Berkeley, Bancroft Library
|Name:||Berkeley, Bancroft Library|
|Country:||United States of America|
University of California
Rare Books Department
|Highlights:||The main attraction of the collection are Ptolemaic administrative documents. Noteworthy are here especially the long registers detailing the state of affairs of the land use of Kerkeosiris (and a few of Magdola) at the end of the second century BC. Examples are P.Tebt. 61 (a) and (b), giving an overview of all administrative categories of land in 118/117 BC; P.Tebt. 1103 is a list of all crown tenants with the extent of their holdings in 116/115 BC. Literary texts in the collection are scarce, but sometimes very important. Here should be mentioned P.Tebt. 268 [ LDAB 0767 ], giving the (to date only) Greek text that underlies the Latin versions of Dictys Cretensis' Bellum Troianum; and P.Tebt. 692 [ LDAB 3955 ], containing one of the few extant fragments of Sophocles' Inachus.|
The precise number of papyri in the Berkeley collection is unknown. To date, some 1150 texts (several of which consist of multiple fragments) have been published in one of the volumes of The Tebtunis Papyri (I-IV). There remain more than 21,000 fragments that were photographed and stored in acid-free folders (10 per folder) plus an unknown amount still in tin boxes. In addition to these papyri the collection also comprises some 20 ostraca, all of which were published.
The collection has been a closed collection for a long time, though recently a few ostraca have been purchased. All other papyri and ostraca were found during the excavations at the site of ancient Tebtunis that were carried out for the University of California by Bernard Grenfell and Arthur Hunt in the winter of 1899/1900. (The only papyrus in the collection not from this find is the Hearst Medical Papyrus, a hieratic papyrus roll that was acquired by George Reisner in Egypt.) The papyri came from three sources, each which their own particulars:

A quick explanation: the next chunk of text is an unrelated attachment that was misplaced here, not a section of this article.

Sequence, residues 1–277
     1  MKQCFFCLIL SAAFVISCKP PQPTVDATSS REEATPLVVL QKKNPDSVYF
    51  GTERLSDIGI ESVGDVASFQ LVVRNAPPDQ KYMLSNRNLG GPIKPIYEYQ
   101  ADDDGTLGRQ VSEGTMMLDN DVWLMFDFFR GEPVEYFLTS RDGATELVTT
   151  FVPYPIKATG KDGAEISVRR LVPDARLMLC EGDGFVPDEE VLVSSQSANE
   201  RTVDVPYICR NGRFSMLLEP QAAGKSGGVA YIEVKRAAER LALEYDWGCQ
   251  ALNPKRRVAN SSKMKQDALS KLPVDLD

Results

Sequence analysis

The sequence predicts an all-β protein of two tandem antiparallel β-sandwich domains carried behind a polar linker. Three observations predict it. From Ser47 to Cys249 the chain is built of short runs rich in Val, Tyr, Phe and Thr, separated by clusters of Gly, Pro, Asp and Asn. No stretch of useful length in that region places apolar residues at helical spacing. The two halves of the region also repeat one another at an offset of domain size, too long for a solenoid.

1) the remains of the town and temple of Tebtunis; with few exceptions these papyri are from the Roman period, especially the second century AD. Apart from a handful that was written in Latin, all texts were written in Greek.
2) cartonnage of human mummies; these papyri date to the third and second centuries BC and derive from villages in the neighborhood of Tebtunis, notably Oxyrhyncha. About two thirds of these texts was written in Greek, the remainder (all of which unpublished and uncataloged) in Demotic.
3) wrapping of crocodile mummies; these papyri date to the second and first centuries BC and derive from Kerkeosiris, a village some five miles west of Tebtunis. Apart from a dozen texts written in Demotic, all these texts were written in Greek.
Notwithstanding the enormous potential of this collection, it has received little attention from local scholars. Apart from a brief period in the 1970s, when a papyrologist was present in Berkeley, all work on the collection has been done by outsiders. The reason for this was the low priority given to papyrology by the local Classics department. At present attempts are made to create a papyrology position at UC Berkeley.
The little scholarly attention has focussed more upon publication of texts than on cataloging of the collection. A short and rudimentary file card catalog (1750 numbers) was compiled in 1940, but only of the texts that had been published to that date with the addition of some of the larger (and readable) fragments. No catalog exists for the 21,000 fragments in the acid-free folders, let alone for the papyri still in the tin boxes.
Since 1996 work (conservation, cataloging and digitization) has been resumed on the collection in the light of the Advanced Papyrological Information System that was funded by the National Endowment for the Humanities. Information about the papyri (from physical properties to (re)publications and literature about the text) has been entered in a database and made available on the internet. So far work has focussed on the part of the collection that was published. If funding can be found, work will in the future proceed into the uncataloged part of the collection.